Summary of Structuring Finance to Enhance Economic Growth and Stability

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Governments responded symptomatically to the 2008 financial crisis and spent little time examining the structure and rationale of the financial system and its relationship to regulatory reform. The Economic Studies program at the Brookings Institution brought together experts and analysts from the US Federal Reserve System, universities and the financial industry to discuss fundamental issues related to the structure of finance. Among those participating were Daniel Tarullo, a member of the Board of Governors of the Federal Reserve System and the leader of the Fed’s financial reform efforts; Martin Baily, former chairman of the President’s Council of Economic Advisers; and Donald Kohn, former vice chairman of the Federal Reserve Board. Baily and Kohn are senior fellows at Brookings. They and other speakers expressed a variety of opinions but all agreed on the need for more extensive research about a range of fiscal issues. getAbstract recommends this informed discussion to anyone who wants an overview of the debate about the US financial industry and its reform.

About the Author

Douglas J. Elliott is a fellow in economic studies at the Brookings Institution, a nonprofit public policy organization based in Washington, DC.

 

Summary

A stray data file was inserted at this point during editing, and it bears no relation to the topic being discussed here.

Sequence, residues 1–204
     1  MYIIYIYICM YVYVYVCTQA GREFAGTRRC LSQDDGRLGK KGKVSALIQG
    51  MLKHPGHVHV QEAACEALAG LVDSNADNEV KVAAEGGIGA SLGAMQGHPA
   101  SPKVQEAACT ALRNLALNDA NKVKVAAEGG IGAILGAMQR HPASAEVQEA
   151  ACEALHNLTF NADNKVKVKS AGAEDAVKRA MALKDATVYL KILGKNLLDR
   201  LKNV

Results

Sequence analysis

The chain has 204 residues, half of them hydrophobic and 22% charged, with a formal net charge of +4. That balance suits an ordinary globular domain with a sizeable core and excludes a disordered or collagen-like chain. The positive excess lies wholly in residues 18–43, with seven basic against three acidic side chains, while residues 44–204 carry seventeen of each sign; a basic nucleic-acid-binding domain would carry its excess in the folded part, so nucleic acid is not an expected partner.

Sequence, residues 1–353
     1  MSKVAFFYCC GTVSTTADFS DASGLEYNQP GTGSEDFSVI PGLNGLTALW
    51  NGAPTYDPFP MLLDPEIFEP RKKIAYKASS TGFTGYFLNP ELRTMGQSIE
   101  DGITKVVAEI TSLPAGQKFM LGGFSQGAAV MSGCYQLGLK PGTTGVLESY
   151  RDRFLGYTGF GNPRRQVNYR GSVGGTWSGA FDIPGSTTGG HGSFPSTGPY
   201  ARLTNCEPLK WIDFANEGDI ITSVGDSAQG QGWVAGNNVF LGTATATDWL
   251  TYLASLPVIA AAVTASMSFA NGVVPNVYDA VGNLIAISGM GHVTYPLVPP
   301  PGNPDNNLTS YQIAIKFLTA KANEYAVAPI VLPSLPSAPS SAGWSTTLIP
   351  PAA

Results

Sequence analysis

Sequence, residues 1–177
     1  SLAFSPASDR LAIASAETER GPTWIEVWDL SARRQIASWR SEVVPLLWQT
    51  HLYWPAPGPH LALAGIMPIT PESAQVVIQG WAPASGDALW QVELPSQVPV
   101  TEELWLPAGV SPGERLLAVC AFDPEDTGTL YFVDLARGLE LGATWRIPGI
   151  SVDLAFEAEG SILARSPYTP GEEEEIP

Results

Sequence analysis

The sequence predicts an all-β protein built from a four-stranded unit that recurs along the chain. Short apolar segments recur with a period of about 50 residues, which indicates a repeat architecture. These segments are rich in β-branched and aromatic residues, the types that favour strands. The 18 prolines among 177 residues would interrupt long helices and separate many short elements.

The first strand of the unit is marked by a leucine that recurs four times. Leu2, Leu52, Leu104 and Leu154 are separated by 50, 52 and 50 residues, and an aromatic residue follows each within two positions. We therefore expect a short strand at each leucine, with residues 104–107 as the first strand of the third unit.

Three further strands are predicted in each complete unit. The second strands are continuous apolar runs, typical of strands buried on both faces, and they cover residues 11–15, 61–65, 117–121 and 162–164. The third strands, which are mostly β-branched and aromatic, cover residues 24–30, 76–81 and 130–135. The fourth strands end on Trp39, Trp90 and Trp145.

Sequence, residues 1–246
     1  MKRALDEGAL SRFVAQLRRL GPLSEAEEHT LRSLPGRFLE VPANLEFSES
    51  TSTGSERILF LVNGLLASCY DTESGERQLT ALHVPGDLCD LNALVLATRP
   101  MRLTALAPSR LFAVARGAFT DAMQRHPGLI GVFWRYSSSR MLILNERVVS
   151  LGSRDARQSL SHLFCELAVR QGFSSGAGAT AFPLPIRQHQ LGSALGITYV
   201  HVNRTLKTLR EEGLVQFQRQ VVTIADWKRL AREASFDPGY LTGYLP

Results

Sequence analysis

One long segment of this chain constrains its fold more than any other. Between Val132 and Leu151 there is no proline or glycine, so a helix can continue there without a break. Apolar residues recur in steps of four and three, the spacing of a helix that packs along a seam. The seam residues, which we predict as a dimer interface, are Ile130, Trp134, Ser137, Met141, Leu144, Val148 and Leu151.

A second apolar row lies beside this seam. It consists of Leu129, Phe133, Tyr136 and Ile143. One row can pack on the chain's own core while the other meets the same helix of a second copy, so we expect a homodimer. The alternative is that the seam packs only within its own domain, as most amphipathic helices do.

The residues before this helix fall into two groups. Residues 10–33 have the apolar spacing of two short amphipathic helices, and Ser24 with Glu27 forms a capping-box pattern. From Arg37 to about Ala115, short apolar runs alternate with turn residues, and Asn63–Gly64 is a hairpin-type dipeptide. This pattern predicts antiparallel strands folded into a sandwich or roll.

Peculiarities and Purpose

Financial industry reform in the wake of the 2008 financial crisis has centered on preventing what went wrong then from happening again. But that response ignores an opportunity to ask basic questions about the proper purpose and structure of the financial sector. It fails to delve into what benefits finance should seek to achieve and how society can best organize the financial industry to achieve those goals.

The financial industry is unique in the way its fortunes affect the broader marketplace. Its purpose should be “to serve the real economy” by providing liquidity, acting as an intermediary between savers and borrowers, and helping to manage risk. Most experts agree that it is not necessary for the government to support the industry for its own sake but that this sector’s “proper working” is “critical for overall economic growth and activity.”

Though no longer practiced widely, “industrial organization” (IO) – the study of how industry structures achieve specific business or social objectives – could provide important ideas on how the financial sector can better address socioeconomic needs. Organizing finance more effectively could...


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